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From China to Iowa

Mar 5, 2011 • Demand, Supply, and Markets, Developing Economies, Environment, Money and Monetary Policy, Thinking Economically • 108 Views    No Comments

We can travel very quickly from China to Iowa.

In an excellent report from The Economist on feeding the world, you can see how an increasingly affluent Chinese urban consumer affects many of us. One example connects more Chinese meat consumption to soaring prices for corn, wheat, and soybeans because of a growing demand for animal feed.  

This takes us to Iowa where the price of farmland is skyrocketing. With escalating worldwide crop prices, low interest rates, diminishing lending standards, and investors who say the only direction is up, the price of Iowa farmland is nearing a 1979 high.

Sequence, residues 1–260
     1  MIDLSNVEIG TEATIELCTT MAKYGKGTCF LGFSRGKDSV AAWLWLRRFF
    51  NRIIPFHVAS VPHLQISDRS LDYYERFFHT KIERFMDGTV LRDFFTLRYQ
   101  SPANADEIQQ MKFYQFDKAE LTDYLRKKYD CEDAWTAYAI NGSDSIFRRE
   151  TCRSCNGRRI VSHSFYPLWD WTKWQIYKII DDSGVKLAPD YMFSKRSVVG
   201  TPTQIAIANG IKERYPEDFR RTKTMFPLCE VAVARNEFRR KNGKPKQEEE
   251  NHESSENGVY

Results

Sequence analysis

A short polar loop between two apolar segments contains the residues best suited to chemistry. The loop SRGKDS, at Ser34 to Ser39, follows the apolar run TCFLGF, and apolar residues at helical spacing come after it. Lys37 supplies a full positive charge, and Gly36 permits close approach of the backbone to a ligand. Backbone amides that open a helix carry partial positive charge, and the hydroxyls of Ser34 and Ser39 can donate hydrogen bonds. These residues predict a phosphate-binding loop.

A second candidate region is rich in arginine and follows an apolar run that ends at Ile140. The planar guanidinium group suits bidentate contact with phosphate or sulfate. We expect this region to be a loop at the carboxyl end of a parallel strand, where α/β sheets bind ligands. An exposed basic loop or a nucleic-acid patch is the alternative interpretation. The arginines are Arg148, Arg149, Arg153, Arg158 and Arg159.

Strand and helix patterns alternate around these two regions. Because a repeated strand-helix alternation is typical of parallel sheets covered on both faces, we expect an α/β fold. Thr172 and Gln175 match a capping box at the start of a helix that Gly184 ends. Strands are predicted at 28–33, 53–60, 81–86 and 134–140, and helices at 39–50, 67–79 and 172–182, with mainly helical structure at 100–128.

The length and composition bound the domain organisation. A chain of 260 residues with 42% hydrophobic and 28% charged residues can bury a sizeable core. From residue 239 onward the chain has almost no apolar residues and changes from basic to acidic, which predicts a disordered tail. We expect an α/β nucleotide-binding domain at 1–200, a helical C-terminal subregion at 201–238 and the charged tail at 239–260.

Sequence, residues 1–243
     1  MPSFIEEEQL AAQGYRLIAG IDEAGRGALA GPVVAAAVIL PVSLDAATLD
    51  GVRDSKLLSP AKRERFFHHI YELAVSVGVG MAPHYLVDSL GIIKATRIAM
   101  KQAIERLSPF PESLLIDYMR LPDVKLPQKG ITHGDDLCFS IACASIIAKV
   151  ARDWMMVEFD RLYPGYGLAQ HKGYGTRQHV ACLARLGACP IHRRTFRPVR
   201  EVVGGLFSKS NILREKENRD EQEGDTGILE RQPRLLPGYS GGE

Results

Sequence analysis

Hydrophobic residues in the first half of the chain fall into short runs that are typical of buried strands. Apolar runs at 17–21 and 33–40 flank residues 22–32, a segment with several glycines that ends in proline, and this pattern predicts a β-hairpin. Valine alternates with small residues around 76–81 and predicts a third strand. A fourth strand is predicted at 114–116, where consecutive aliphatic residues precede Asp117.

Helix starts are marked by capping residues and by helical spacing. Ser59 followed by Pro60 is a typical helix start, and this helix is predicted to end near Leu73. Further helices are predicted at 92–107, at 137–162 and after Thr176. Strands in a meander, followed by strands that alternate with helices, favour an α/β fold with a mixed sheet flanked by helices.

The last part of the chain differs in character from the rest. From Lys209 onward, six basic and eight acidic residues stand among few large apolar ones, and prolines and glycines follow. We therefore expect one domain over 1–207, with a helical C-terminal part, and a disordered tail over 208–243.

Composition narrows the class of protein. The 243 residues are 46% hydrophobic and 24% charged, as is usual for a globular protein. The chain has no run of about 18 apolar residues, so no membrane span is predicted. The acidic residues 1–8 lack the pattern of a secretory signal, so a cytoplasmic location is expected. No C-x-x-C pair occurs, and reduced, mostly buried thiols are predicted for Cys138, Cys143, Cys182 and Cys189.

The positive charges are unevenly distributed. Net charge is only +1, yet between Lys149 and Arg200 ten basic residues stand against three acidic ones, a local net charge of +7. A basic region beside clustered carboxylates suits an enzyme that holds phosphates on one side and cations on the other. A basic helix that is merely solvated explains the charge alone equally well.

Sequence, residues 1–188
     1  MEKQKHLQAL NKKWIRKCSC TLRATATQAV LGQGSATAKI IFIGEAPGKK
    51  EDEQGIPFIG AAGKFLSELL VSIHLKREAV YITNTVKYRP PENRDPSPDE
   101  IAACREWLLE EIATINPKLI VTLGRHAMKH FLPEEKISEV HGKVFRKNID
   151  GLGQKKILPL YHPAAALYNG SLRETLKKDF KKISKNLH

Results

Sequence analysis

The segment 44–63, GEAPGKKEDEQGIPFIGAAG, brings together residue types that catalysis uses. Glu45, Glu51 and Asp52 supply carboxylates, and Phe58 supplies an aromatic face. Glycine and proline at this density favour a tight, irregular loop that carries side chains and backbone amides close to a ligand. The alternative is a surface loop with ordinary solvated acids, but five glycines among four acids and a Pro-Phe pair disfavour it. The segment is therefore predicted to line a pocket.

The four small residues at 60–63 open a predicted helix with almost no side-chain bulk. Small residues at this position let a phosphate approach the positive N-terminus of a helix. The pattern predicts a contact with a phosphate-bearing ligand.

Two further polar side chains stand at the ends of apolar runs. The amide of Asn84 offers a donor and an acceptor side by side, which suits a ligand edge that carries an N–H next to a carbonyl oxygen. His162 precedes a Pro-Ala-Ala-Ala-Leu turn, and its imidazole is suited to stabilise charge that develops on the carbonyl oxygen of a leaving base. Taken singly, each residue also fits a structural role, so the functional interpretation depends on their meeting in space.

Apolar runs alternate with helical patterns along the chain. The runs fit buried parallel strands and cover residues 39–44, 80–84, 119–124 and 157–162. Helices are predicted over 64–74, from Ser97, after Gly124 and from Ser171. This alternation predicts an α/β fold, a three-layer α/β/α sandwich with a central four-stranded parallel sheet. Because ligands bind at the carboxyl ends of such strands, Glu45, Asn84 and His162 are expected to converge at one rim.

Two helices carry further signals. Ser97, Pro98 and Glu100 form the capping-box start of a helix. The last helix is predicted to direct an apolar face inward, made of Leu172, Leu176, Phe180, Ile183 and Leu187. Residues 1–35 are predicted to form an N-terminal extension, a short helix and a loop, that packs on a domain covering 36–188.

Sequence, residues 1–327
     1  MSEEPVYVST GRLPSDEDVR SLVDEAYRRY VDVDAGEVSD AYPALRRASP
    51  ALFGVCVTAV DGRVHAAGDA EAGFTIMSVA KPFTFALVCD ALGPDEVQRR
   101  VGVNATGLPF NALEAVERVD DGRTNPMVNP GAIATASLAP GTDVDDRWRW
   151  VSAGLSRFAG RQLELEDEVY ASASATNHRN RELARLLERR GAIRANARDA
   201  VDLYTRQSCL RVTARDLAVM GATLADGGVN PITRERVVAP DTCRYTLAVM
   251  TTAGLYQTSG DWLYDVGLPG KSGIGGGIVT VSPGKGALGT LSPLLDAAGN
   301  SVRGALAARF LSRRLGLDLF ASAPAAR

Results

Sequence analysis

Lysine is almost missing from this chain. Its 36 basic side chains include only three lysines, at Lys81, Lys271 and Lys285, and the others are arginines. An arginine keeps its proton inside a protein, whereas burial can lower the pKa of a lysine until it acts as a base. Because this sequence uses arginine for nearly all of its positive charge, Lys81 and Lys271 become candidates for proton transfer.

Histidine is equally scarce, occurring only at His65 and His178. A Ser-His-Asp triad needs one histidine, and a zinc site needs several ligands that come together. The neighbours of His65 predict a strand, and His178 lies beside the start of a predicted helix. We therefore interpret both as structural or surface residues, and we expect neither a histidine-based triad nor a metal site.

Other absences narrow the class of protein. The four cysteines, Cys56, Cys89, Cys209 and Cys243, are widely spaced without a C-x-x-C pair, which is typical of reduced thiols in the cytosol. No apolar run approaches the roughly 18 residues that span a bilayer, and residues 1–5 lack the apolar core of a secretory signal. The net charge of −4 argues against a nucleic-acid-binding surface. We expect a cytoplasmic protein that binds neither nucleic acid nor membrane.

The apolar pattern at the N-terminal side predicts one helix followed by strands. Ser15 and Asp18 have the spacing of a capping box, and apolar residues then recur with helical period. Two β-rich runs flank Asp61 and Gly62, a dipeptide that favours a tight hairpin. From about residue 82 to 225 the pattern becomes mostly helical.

Covering issues that range from population, technology and water to land and climate, the February 24th issue of The Economist ideally discusses “How Much is Enough?” It also returns us to the Reverend Malthus who might be saying, “I share your concern.”

The Economic Lesson

Perhaps one of the first environmentalists, Reverend Thomas Malthus (1766-1834) told us in 1798 that population grows geometrically while resource production expands arithmetically. Consequently, resource prices will rise and supply will become increasingly inadequate.

 

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